Despite my 10 years working to defend free speech on campus, university censors keep finding new ways to surprise me. This year a campus in the University of Wisconsin system managed to do something that offended me both as a First Amendment lawyer and as a sci-fi fan, two parts of my life that I thought would never intersect.
As I reported back in September, a professor at the University of Wisconsin-Stout, James Miller, was threatened with potential criminal charges just for posting a quote from the beloved but short-lived sci-fi classic Firefly outside his door and, then, for having the temerity to object to the university’s heavy-handed treatment of him and the poster.
Now, my organization, the Foundation for Individual Rights in Education (FIRE), has come out with a new video explaining this remarkable case, in which I abandon my usual lawyerly suits and ties to reveal my Firefly fanboy self. We are absolutely thrilled that the famous novelist, comic book author, and sci-fi and fantasy legend Neil Gaiman agreed to sit down for an interview about why he thinks this case is ridiculous and why he chose to publicize the professor’s shoddy treatment to his 1.6 million Twitter fans.
While the case is funny if only because it is so ridiculous and the university should have known better than to censor a quote from a show whose rabid and diehard fans even have a special name for themselves (we are “Browncoats,” by the way), it very nearly was not funny at all. When power-tripping administrators are accusing you of making threats to the entire community, tearing down your posters, and demanding to meet with you in person, your career may be on the line. I am quite sure that if it hadn’t been for the combined efforts of FIRE, droves of Firefly fans, and people like Gaiman and Firefly stars Nathan Fillion and Adam Baldwin, this case would’ve ended very badly for Miller.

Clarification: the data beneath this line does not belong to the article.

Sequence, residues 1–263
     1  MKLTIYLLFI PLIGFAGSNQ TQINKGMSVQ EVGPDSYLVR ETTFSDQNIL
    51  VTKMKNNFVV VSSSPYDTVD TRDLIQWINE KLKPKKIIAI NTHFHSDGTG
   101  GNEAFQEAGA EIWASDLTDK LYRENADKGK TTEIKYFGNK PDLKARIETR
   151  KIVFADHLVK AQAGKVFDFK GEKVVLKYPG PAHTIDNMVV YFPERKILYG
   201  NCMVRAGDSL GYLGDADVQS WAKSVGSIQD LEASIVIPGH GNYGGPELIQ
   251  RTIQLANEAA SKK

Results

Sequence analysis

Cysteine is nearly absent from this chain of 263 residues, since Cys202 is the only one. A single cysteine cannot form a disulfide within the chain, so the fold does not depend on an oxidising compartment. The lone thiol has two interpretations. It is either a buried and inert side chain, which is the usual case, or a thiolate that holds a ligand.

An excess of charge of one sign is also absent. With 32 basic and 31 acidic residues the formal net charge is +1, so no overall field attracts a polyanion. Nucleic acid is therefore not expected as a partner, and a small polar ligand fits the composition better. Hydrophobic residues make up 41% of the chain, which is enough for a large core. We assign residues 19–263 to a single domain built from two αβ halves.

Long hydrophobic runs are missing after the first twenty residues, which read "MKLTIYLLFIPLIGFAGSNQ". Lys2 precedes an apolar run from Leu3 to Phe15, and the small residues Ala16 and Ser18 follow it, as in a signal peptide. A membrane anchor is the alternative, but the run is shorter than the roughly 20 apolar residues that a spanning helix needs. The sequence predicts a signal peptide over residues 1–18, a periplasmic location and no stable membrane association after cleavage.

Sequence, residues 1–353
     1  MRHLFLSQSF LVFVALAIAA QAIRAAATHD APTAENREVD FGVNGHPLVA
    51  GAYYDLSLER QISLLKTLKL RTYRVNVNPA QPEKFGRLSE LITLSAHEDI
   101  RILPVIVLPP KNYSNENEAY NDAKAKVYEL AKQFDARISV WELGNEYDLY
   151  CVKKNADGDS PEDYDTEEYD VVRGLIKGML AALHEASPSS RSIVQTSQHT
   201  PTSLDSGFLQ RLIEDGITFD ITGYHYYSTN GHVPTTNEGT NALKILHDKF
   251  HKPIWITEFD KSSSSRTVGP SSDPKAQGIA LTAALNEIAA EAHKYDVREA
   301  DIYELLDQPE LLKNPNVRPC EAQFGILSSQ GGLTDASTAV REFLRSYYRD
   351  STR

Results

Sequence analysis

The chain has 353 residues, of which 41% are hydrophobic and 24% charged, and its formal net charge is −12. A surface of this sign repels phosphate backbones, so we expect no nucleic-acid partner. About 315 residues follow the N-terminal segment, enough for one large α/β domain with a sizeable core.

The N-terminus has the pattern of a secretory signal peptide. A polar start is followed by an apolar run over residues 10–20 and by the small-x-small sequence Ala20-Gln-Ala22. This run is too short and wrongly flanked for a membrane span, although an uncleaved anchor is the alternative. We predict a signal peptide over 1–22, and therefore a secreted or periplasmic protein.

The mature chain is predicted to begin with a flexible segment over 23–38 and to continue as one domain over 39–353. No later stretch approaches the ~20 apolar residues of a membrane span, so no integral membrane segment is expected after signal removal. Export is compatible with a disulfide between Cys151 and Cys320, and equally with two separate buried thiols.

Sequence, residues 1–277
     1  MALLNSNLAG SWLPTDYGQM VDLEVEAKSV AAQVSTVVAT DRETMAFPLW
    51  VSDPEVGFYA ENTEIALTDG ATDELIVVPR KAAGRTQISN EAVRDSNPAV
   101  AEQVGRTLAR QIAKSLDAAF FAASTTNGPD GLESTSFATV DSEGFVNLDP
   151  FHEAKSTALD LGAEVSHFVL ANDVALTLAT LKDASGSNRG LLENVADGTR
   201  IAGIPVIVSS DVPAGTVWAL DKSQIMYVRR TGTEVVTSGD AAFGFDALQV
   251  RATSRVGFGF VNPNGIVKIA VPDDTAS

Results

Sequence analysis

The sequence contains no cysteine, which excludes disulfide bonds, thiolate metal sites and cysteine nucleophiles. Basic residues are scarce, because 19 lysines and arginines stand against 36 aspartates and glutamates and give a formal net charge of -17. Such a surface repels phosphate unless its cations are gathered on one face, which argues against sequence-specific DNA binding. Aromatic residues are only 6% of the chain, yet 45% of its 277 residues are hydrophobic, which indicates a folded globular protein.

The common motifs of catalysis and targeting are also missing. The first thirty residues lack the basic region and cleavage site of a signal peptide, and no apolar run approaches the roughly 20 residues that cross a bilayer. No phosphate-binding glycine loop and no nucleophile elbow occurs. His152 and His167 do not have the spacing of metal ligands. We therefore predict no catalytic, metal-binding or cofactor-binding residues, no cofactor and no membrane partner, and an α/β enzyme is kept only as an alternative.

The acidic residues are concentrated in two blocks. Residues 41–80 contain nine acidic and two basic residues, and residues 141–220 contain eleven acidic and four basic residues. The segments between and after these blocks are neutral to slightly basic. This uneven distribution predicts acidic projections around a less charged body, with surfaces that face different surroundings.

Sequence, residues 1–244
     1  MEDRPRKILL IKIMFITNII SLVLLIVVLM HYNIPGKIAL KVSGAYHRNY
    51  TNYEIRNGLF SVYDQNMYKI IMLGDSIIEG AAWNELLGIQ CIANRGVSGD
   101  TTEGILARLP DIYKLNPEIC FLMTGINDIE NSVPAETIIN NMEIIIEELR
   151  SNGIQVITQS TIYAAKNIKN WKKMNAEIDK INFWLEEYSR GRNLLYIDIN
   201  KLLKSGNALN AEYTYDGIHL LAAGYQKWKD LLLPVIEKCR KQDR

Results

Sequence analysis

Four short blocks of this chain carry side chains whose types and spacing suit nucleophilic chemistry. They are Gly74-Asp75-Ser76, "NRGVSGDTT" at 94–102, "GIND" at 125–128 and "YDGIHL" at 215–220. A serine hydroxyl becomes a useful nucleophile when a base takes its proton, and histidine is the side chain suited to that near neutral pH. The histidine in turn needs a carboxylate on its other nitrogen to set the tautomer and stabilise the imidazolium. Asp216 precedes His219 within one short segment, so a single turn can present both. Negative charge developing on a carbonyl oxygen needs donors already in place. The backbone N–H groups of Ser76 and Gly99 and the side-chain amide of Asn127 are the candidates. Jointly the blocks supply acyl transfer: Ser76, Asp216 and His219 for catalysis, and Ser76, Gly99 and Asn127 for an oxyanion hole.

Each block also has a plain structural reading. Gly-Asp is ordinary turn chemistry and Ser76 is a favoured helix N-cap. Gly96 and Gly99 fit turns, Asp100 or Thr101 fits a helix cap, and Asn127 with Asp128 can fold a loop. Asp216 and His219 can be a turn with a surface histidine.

As I discuss in the video, one of the reasons we succeeded in this case was that the University of Wisconsin-Stout managed to pick a case with a built-in constituency of Firefly fans who protested the school’s actions. I hope one day to find a similarly enthusiastic constituency for defenders of everybody’s right to free speech and academic freedom on campus. After all, the larger context of this case is that shocking and absurd acts of censorship happen on campus with startling regularity.
Indeed, as I’ve said before, this isn’t even the worst case of censorship of an innocuous door posting in the state of Wisconsin in the past few years. That honor belongs to Marquette University, which claimed a joke by humorist Dave Barry that a PhD student had posted on his door was “patently offensive” — a term usually restricted in the law to hard-core pornography. (You can hear Dave Barry’s take on this censorship in this video.)
I hope 2012 will find that liberty-minded constituency and turn the world right-side up again, so that universities believe in free speech for everybody and intellectual freedom for all. … But until then we’ll be keeping a careful eye on our campuses.
SPECIAL NOTE: In a tribute to the crucial role social media played in helping defend free speech on campus in this case, we are collaborating with Prizes.org and offering a total of $500 in prizes for the people with the best tweets promoting our new video.
Greg Lukianoff is an attorney and the president of the Foundation for Individual Rights in Education.